You use it every day, probably multiple times a day. Only you know how many of the of the 200,000 iMessages sent per second are yours, but one thing is for sure, with its low latency and high response rates, messaging offers the fastest communications channel.

Consider that over 63 quadrillion iMessages are sent annually (yes, that is more than 200,000 iMessages per second). With this scale just on Apple (AAPL) alone, it is clear why messaging  has captured the attention of major players. Facebook's (FB) February 2014 $19bn acquisition of WhatsApp proves this point. But, with its Android operating system software powering more than 85% of smartphone handsets globally, one would have expected Alphabet (GOOGL) to be more of a dominant player in the messaging market. However, this has not been the case. Instead, each handset OEM opted to modify Android to its own purposes and thus undercut the opportunity to offer a common standard for messaging development and application.

But, Alphabet wants to change this, and, according to David Pierce of Wired,  “over the last couple of years, Google has been working with hundreds of carriers and manufacturers around the world to bring the text message into the 21st century. Using a standard called Rich Communications Services, the group plans to make a texting app that comes with your phone and is every bit as powerful as those dedicated messaging apps. This would make all the best features available to everyone with an Android phone.”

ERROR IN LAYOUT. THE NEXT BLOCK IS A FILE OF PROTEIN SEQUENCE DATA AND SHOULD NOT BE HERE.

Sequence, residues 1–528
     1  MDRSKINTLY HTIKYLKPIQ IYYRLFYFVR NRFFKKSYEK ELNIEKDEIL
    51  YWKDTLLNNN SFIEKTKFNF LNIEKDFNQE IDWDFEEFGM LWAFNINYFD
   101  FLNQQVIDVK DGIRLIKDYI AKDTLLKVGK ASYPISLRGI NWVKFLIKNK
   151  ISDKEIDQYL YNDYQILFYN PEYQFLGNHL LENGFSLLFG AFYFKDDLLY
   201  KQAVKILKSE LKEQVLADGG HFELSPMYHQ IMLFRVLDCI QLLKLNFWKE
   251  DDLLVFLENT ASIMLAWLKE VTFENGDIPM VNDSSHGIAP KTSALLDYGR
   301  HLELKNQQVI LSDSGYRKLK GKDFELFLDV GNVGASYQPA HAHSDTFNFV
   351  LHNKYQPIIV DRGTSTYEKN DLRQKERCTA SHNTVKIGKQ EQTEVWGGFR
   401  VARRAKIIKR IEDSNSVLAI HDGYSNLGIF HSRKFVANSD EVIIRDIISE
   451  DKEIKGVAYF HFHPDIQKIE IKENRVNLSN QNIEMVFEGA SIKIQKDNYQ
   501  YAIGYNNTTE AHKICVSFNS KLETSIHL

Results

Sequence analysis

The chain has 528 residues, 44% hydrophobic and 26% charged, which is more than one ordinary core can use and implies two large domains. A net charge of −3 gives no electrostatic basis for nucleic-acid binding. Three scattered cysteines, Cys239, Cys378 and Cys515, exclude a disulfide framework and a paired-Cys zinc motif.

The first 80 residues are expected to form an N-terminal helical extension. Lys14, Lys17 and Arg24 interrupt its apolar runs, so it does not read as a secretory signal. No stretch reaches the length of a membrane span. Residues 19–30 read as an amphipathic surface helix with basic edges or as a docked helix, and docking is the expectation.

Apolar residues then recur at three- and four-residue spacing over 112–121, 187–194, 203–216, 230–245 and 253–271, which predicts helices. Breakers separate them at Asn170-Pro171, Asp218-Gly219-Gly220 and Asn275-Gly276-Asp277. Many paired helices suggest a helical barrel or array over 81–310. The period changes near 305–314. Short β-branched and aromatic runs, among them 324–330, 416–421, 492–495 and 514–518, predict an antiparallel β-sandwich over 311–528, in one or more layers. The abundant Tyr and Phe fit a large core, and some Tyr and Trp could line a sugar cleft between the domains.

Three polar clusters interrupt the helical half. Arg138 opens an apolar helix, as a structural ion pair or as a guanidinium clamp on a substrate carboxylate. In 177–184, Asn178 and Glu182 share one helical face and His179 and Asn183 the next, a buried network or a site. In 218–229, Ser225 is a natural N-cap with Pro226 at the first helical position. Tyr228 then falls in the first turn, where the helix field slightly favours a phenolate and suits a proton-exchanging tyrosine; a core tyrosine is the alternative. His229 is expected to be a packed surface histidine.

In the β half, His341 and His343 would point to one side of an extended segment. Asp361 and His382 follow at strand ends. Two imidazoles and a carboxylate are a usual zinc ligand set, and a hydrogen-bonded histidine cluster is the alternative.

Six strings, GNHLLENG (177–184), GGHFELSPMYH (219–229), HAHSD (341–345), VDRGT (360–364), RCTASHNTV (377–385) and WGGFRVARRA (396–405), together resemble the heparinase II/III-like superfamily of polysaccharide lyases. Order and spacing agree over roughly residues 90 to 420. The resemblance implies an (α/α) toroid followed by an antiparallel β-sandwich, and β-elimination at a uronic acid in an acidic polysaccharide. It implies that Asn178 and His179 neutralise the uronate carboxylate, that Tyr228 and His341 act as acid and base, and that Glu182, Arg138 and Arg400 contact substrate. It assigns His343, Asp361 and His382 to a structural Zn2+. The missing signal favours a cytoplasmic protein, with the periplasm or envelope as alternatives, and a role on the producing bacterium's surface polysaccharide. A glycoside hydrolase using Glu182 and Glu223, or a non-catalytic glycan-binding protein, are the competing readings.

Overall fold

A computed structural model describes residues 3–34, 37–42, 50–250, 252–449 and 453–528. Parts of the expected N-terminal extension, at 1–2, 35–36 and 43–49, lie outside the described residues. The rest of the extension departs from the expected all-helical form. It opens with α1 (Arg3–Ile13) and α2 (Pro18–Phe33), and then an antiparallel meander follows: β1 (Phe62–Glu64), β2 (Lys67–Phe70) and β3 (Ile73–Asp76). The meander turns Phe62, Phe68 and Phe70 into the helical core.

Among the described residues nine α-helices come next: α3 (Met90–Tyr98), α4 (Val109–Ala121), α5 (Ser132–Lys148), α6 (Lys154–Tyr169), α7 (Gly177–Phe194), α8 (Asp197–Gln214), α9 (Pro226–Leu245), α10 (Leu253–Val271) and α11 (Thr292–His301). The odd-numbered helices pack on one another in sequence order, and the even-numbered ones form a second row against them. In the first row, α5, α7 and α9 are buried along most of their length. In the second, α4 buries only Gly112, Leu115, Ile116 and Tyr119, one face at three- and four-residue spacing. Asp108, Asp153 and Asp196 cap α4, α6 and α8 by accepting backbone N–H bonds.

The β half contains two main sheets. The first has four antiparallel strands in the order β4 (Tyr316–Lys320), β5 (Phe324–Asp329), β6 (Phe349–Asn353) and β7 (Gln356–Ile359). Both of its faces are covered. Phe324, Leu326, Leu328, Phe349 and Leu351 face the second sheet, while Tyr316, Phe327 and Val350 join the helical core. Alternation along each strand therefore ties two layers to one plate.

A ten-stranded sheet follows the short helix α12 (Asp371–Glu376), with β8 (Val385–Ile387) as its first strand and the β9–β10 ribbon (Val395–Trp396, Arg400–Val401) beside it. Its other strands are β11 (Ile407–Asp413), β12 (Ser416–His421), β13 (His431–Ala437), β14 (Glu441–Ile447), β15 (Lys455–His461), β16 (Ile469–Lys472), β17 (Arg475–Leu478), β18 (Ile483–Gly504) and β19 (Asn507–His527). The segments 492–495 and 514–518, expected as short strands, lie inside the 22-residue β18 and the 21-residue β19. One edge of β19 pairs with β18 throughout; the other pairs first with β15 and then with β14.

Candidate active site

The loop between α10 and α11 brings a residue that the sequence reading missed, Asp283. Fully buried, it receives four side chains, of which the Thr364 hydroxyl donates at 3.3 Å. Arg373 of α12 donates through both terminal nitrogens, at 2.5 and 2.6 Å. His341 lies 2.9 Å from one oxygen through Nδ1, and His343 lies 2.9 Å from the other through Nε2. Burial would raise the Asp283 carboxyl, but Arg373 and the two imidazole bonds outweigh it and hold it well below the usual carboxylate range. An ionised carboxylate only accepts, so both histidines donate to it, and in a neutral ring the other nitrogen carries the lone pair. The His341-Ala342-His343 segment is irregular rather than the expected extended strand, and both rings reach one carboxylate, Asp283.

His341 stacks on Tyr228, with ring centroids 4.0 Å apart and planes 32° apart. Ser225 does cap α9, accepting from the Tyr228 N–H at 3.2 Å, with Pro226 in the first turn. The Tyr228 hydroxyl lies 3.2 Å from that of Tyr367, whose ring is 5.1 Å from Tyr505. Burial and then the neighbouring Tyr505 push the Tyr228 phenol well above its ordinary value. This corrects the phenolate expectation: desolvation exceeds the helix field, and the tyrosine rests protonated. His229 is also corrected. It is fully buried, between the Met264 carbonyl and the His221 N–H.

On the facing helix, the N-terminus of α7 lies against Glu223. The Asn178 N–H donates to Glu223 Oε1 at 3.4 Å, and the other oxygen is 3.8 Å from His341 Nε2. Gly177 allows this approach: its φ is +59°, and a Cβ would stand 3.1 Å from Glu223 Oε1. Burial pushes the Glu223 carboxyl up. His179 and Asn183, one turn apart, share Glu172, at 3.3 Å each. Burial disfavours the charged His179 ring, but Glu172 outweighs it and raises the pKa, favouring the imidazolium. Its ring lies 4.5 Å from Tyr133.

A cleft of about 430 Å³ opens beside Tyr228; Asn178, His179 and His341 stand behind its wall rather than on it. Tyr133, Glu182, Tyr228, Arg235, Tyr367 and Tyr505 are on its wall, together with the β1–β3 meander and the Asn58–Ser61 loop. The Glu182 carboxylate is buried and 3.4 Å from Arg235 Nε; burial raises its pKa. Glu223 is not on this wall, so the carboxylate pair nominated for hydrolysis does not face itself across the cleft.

In 2015, Alphabet bought Jibe to make RCS happen and since then has been working with a new implementation of the GSMA standard called Universal Profile, powering it with Google tech and integrating it into the Messenger app.

Mobile Messaging is where the eyeballs are. So, for Alphabet, the Messenger app will be key to the whole equation as it is where users will engage with the new features along with the old SMS and MMS messages. It’s interesting to note that the app will no longer called be called Messenger, but is now Android Messages. Google seems intent that this app be viewed as Android, not Google.

Stay tuned.

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